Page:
If you can get the alignment perfect on those three things then you take any friction out and won’t have a problem. It also means you are bound to attract the right people, develop their skills and reward them properly.
It’s the same with customers and suppliers, work with them as one, find the most efficient way of working. You usually find the good people come to the top, it’s about mutual respect. The highest form of business relationship is trust.
You also encourage your team to fundraise for charity
Yes, we have the Webmart Charitable Trust, which is partially funded by our profit share scheme, and we also do a lot of sponsored activities. So far, we’ve given over £250,000 to charities, which is great.
You have an impressive list of awards, how do they sit with you?
Winning awards not only validates your own approach, it gives you a new cohort of people to talk to. Once you have peer recognition a staggering amount of people will take you into their confidence, share information and be willing to listen to you.
Are you still very hands on?
I’ve always been involved in strategy and consulting, but I’m effectively taking a bit of a semi-sabbatical right now. We’re structuring Webmart into teams to drive the business forward and grow to the next stage, so I’m spending time looking at management models and doing some research, talking to people outside our “eco-system”. Paul Seaborn, our deputy MD, is leading the change and I’m supporting him and the management team. April 1 will be our new financial year and that’s when it all happens.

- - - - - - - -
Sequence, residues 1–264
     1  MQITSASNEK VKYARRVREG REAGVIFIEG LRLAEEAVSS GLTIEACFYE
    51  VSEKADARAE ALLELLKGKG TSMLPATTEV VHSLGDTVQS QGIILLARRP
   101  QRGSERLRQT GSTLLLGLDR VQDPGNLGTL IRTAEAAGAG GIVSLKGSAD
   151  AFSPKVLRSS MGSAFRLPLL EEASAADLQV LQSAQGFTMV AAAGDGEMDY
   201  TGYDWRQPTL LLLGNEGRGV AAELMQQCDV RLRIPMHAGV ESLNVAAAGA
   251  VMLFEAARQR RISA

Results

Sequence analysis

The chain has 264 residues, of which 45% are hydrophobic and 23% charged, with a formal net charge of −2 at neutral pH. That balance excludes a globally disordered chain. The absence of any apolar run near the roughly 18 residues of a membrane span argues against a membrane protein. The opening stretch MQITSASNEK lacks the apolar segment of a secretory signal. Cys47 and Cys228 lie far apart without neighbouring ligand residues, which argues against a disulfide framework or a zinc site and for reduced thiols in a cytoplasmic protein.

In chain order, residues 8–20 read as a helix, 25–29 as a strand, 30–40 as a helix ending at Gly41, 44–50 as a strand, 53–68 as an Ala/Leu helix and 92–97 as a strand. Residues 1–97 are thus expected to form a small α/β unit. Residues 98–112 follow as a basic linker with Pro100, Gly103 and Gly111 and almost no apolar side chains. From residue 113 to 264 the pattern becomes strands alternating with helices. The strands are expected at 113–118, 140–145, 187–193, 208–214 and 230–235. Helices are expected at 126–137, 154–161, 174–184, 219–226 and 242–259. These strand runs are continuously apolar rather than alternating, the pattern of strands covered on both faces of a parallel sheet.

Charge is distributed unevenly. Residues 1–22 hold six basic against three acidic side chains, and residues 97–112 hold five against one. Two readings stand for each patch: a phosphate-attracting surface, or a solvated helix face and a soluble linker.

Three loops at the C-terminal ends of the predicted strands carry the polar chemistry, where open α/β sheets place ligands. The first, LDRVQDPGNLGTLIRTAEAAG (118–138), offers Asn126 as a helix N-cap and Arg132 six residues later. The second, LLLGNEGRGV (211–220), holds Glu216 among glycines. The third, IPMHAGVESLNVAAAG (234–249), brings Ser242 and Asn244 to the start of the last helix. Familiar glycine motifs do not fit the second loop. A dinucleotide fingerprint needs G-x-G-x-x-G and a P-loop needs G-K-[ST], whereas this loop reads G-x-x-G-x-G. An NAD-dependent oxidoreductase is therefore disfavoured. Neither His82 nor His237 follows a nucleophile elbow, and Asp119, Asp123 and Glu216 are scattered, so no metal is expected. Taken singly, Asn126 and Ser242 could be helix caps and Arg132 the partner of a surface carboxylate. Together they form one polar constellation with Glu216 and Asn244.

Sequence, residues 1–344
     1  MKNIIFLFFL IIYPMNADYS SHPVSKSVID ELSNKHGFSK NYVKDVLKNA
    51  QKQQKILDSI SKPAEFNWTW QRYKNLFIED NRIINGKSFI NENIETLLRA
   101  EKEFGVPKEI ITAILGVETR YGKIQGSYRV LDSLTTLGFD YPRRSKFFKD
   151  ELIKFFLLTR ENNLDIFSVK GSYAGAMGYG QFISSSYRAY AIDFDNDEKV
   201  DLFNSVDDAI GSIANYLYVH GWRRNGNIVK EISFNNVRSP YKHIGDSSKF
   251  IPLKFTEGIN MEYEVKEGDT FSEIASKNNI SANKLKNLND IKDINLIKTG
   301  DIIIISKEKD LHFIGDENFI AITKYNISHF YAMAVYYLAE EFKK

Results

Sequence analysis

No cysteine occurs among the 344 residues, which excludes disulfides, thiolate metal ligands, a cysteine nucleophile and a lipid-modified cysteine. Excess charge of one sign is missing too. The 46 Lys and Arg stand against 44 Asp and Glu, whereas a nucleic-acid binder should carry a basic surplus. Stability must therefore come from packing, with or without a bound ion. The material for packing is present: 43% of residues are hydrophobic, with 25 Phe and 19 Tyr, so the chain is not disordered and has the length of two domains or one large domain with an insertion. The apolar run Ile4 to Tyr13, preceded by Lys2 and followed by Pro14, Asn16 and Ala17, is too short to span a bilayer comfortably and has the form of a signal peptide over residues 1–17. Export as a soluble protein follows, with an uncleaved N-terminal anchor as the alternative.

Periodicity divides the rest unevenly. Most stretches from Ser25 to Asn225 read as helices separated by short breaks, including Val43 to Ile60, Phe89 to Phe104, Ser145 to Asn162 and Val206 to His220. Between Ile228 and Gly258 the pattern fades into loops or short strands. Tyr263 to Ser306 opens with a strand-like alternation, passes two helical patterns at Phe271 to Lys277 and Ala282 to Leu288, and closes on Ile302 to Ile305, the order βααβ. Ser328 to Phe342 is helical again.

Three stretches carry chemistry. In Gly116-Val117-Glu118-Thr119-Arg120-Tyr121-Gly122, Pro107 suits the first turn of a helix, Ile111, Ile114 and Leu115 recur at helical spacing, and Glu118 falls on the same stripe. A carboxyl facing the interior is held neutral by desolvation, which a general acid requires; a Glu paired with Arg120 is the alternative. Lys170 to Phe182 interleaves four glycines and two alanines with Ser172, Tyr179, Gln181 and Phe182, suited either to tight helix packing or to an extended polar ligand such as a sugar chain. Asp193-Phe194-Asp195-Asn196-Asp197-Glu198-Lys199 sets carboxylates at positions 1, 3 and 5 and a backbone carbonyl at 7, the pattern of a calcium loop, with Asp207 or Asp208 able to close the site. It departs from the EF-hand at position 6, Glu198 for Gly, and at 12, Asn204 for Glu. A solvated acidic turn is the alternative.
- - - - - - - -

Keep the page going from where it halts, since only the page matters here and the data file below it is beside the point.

What will you do next?
I’m working on a new software business with Paul, which is very exciting. Right now though, I’m training two or three hours a day for an Ironman contest in Mexico on March 30 – I’ve been training throughout the winter and needed some sunlight.
Will the Ironman be a first?
Yes, although I did a half Ironman in October and I’ve done other things like climbing the highest mountain in Antarctica and running the ice marathon in Siberia. I generally do one daft thing a year, so this will be it and it will be for charity. Afterwards my brother and I are taking two Harley Davidsons to California for 10 days, so that will be fun.
Are you a keep-fit fan?